Your Struggles Are Trying to Tell You Something

Is there something in your life that you continually (and/or repeatedly) run up against?

Maybe you get irritated at the same type of thing, with a variety of different people. Maybe you’re constantly bouncing checks or being charged late fees. Or maybe you spend your days at work wishing you could do something else with your life.

Well, your struggles are trying to tell you something.

Most of us spend time complaining, dealing with repeat problems, or daydreaming without ever taking the time to think about what those things mean — or about what we’re actually doing.

It’s often only when a situation becomes completely intolerable — or when we’re forced into a corner by an outside source — that we make a change.

As a minor example, my computer had been slow lately. Sooo slow. I’d whined about it, leapt up from my chair in exasperation, and given up and gotten out a book. But it wasn’t until the day it took me 20 minutes to enter one deposit into Quicken that I decided to DO something about it. The slowness had become intolerable, so I finally took action.

I could have saved myself a whole lot of time and irritation if I had only done that sooner instead of hoping it would magically fix itself.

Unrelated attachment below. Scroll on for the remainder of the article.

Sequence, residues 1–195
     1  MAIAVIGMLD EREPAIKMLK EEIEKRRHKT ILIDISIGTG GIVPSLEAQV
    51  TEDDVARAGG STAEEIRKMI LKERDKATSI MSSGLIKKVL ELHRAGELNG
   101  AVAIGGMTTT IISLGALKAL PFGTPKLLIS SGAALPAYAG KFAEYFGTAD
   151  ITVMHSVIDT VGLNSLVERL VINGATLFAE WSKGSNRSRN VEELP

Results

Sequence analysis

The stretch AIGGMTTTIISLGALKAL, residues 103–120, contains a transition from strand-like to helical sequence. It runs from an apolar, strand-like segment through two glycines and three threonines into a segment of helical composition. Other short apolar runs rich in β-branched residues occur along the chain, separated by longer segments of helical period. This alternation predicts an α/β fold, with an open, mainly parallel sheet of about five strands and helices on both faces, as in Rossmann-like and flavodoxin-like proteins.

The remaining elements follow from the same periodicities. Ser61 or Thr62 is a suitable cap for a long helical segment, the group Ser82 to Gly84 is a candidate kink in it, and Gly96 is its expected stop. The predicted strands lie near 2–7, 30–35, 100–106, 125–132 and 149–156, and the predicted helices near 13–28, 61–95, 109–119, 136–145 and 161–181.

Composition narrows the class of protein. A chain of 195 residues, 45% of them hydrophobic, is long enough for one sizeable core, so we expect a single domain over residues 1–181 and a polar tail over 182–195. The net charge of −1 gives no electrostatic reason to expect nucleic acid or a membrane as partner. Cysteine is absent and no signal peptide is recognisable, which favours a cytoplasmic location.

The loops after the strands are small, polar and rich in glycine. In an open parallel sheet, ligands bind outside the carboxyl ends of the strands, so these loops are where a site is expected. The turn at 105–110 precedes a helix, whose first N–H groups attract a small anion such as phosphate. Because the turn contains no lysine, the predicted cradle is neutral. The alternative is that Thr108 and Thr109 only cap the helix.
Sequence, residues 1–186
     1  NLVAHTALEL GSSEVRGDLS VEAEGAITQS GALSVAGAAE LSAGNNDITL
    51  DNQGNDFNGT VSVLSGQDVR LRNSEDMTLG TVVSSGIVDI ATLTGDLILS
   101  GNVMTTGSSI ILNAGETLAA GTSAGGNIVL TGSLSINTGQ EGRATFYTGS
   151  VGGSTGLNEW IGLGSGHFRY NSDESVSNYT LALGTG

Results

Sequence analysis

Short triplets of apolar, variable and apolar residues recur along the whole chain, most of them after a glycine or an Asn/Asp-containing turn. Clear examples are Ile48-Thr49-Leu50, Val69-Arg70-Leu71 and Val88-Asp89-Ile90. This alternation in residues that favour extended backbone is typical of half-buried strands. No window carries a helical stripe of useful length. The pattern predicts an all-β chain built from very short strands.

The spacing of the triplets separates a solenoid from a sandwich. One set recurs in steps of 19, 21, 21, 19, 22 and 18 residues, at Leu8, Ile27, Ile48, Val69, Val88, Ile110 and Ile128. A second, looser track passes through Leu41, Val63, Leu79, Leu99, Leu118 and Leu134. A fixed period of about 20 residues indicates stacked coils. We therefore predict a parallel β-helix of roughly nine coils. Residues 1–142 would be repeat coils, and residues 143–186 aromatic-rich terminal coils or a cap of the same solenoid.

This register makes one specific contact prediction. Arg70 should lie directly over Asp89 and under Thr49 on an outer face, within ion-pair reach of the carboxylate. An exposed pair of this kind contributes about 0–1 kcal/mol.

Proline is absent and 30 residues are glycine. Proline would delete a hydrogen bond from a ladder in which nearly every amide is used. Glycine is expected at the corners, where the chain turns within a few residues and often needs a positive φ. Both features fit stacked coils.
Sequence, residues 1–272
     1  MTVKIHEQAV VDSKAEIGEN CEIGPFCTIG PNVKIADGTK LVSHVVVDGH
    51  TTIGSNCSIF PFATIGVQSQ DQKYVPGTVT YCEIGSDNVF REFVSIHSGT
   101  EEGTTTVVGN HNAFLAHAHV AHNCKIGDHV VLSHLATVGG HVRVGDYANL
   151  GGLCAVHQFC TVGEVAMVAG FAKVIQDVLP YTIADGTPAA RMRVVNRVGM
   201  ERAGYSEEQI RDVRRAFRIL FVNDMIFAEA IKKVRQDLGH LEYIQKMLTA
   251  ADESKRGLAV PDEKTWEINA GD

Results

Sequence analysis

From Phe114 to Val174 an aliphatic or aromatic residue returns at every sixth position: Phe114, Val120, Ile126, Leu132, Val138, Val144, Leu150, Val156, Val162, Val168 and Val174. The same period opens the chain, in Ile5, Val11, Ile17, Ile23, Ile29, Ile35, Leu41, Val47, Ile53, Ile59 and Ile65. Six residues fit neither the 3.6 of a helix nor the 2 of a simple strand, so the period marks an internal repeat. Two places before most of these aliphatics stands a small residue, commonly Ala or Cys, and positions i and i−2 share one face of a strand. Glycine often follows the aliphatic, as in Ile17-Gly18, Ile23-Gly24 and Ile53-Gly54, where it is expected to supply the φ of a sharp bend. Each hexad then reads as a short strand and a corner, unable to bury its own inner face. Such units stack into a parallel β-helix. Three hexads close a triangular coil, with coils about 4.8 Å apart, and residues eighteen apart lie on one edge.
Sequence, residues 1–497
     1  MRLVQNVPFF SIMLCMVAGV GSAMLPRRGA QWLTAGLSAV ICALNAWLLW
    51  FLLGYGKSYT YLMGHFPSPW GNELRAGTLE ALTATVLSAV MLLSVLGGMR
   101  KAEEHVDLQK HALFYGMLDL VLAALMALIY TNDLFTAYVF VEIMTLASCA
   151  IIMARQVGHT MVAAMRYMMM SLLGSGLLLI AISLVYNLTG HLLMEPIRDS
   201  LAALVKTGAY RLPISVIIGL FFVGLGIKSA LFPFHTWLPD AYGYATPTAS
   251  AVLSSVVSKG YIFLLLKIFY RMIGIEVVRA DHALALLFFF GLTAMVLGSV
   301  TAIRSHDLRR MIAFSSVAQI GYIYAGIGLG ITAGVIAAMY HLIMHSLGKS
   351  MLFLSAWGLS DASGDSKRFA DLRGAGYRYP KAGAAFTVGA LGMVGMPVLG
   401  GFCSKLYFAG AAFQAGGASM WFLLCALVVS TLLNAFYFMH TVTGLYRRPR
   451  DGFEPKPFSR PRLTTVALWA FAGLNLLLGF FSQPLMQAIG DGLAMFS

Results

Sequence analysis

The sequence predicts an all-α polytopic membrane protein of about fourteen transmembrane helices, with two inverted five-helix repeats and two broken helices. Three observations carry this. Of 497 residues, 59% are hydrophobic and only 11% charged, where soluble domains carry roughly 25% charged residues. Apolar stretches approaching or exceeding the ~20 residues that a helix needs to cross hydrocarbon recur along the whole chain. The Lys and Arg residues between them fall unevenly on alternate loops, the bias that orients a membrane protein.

Things don’t usually magically fix themselves, unless there wasn’t much of a problem to begin with. Instead, we have to take action by identifying the problem and then doing something about it.

And if the first thing we try doesn’t work, we need to try again. We may need help, too — and that’s normal. Not only was Rome not built in a day, it wasn’t built alone.

So if there’s something (financial or otherwise) that you’ve been struggling with, complaining about, or explaining to others why their suggestions just won’t work, try being proactive instead. Identify the issues and start on the path to change.


  • Perfect post at a perfect time!

    Recently I heard the definition of insanity is: Committing the same acts repeatedly each time expecting a different or better outcome.

    I was constantly getting charged overdraft fees because I would over spend and then the fees would eat into my next check and so on and so on. Until I started documentug each and every expenditure on a spread sheet. Now the issue is resolved and I am developing a well over due good habit. ;)

  • Ms. Freeman, I’ve heard that saying too, and it’s so true. Glad you’ve made a changed that resolved your overdraft issue. I’ll be posting more on that topic tomorrow too.

  • We just had a meeting at work about this very topic.

    The overall mantra was simple–You’re either part of the solution or part of the problem. If all you’re doing is whining, then guess what? You’re not being part of the solution.

    Great post

  • Ken

    I’m needing organization apparently..we have had ;late payments for 3 months in a row . (scratching my head)

  • Ken, oops. But at least you know what will help.